The Democrats are spending millions of dollars running negative ads against Romney as they are hoping that Gingrich will be the nominee which could result in a landslide victory for Obama and a crushing defeat for Republicans from the courthouse to the White House. . . .

In my opinion if we want to avoid a sweeping victory by Obama in November, Republicans should nominate Governor Romney as our standard bearer. He could win because he has the requisite experience in the public and private sectors. He would be a president in whom we could have confidence and he would make us proud.
Dole adds this strange detail:
Newt would show up at the campaign headquarters with an empty bucket in his hand — that was a symbol of some sort for him — and I never did know what he was doing or why he was doing it, and I’m not certain he knew either.

Are there too many debates?

The Washington Post raises the question of whether there are too many debates in the presidential primaries, writing:

Are Americans getting too much of a good thing?

By the end of the week, there will have been 19 debates among the GOP contenders for president. No other events have played so great a role in turning the party’s normally orderly process of picking a standard-bearer into a roller coaster ride. . . .

Debates were the undoing of two once-promising candidates, former Minnesota governor Tim Pawlenty and Texas Gov. Rick Perry. They made front-runners, however briefly, of two otherwise unlikely ones, Rep. Michele Bachmann (Minn.) and former Godfather’s Pizza chief executive Herman Cain.

And without them, former House speaker Newt Gingrich would not have been able to resurrect his dying campaign, not once but twice.

The long season of debates has undoubtedly made the candidates familiar figures to many Americans, offering the willing viewer plenty of opportunity to absorb competing economic plans and various other positions.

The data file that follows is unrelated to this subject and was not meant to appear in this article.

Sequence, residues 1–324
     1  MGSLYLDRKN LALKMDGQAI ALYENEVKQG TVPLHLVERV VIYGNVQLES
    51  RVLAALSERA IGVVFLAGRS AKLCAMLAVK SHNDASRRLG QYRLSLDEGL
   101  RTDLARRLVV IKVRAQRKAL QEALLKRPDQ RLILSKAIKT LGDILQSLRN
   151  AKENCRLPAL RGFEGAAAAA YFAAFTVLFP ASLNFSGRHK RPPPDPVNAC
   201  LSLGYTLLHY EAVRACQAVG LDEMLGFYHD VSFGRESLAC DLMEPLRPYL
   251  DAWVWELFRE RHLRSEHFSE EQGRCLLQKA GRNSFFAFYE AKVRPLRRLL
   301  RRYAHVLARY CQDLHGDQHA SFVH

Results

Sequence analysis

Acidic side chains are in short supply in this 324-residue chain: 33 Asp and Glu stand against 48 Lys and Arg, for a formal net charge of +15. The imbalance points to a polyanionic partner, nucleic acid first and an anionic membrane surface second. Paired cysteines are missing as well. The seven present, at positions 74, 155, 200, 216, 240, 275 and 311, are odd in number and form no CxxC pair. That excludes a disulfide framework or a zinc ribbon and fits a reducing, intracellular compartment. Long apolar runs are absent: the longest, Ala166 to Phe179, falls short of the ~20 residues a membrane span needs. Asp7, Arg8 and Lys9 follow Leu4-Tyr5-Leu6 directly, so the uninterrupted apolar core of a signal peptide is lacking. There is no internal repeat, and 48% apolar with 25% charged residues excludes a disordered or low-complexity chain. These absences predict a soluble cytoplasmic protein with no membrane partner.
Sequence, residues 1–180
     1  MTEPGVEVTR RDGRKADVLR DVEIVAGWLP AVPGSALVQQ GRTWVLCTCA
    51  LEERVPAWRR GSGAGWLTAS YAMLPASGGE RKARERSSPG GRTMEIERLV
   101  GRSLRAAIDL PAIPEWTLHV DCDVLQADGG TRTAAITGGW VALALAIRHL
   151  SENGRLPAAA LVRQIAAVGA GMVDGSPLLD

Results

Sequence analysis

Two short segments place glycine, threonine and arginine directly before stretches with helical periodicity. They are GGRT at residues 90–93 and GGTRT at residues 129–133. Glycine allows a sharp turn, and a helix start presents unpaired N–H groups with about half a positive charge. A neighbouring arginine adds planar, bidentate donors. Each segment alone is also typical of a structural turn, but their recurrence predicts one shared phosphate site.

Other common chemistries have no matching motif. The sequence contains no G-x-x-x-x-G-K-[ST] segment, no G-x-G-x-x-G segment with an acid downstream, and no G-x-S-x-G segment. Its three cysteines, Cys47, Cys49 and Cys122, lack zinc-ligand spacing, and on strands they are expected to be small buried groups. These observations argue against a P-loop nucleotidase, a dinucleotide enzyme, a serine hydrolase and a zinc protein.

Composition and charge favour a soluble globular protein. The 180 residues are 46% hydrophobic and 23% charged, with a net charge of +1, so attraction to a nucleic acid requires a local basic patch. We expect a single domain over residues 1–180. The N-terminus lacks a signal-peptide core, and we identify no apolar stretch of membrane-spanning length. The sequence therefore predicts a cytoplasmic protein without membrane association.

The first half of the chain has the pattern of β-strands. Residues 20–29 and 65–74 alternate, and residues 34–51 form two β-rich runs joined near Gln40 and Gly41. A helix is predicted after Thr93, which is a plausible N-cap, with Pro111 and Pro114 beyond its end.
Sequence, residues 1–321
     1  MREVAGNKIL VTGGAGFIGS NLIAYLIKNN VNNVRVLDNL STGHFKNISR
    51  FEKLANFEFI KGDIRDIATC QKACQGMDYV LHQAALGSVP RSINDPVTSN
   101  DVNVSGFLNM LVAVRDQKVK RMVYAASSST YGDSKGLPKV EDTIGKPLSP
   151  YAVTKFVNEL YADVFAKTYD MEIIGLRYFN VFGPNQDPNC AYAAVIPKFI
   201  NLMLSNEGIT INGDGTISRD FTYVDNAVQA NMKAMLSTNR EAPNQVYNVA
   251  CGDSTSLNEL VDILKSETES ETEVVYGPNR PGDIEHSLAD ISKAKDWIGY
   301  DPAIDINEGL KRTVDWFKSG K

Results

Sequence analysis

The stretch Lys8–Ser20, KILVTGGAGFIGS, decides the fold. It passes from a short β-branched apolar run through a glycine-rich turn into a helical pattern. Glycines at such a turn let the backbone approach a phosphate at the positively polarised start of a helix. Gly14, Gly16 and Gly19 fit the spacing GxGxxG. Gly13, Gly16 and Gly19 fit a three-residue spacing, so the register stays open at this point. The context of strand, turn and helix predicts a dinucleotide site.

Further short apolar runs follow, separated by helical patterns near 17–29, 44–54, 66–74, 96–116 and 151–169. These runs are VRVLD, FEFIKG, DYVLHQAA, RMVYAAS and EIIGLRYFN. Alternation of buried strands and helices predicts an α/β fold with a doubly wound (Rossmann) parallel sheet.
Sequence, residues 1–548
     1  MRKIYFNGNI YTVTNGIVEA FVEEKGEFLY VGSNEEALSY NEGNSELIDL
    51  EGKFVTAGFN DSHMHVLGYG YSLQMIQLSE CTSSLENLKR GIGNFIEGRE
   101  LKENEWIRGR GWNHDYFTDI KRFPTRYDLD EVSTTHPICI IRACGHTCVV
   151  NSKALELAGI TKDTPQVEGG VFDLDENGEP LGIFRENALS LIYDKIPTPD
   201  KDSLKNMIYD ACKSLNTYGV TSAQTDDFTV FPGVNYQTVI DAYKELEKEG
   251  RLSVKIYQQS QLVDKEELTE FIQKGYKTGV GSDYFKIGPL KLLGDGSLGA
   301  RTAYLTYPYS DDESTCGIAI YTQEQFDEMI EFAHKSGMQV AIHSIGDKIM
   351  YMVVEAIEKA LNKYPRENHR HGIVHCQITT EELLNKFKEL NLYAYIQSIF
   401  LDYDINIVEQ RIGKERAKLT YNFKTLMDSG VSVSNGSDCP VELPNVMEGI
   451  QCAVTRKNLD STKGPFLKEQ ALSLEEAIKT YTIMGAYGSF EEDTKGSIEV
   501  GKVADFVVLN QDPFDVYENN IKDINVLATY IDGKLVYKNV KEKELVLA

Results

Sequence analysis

One could argue that it has altered the balance of power a bit, shifting it away from the party establishment to an electorate apparently eager to engage: Ratings show the debates are drawing huge audiences.

But some worry that Republicans are putting too much emphasis on how well the candidates perform on a debating stage . . .

[Karl] Rove is concerned that the amount of time that candidates are spending in debates and on preparing for them has taken away from other priorities, such as deepening their messages, broadening their appeal and building their organizations.
Yeah, right: Karl Rove is worried that the candidates are being distracted from deepening their messages. If you watch the documentary about George W. Bush's 2000 campaign, Journeys with George, you'll see that Rove's own boss went around the country spouting the exact same feel-good talking points for two years, and the journalists who had to follow him around felt they were part of a mind-numbing charade. I'm sure most presidential campaigns are the same.

Having a lot of debates forces the candidates to keep up with the issues of the day. It forces them to confront moderators and opponents who can put them on the spot. These are good things. There's very little opportunity cost in preventing the candidates from spending even more time repeating the same stump speech to different crowds.

Wednesday, January 25, 2012

Is grief a psychiatric disorder?

Maybe.

Did Obama's State of the Union abandon his focus on income inequality?

I didn't watch President Obama's speech last night, so I have no comments of my own. But I recommend reading what Mickey Kaus, Matthew Yglesias, and Andrew Sullivan have to say about it.

Here's one of Kaus's points:

In his allegedly table-setting, voice-finding December Kansas manifesto, Obama made a big deal about rising money inequality, citing statistics on the relative growth of the ”average income of the top 1%,” referencing the Occupy movement, etc. There was none of that in Tuesday’s speech. Obama only wants “an economy where everyone gets a fair shot, everyone does their fair share, and everyone plays by the same set of rules.” He didn’t say everyone “gets their fair share.” That’s not money-equalizing populism[.] It’s moderate Republicanism. Looks like Walter Russell Mead was right – [the Kansas speech] was just a ploy to stroke Obama’s left base, quickly abandoned when more Americans were paying attention. Or else it polled as badly as he suspected it would. Sorry, E.J. … (Don’t tell me about the Buffet Rule: Obama pitched his higher top tax rate for “millionaires” as a way to ensure equal sacrifice (as anticipated by W. Galston) not as a way to help reverse the growing income inequality trend.)
Yglesias writes:
Obama pledged to support “every risk-taker and entrepreneur who aspires to become the next Steve Jobs,” perhaps making him the only person in America who didn’t read the New York Times story over the weekend about how Apple’s products are all built in Asia.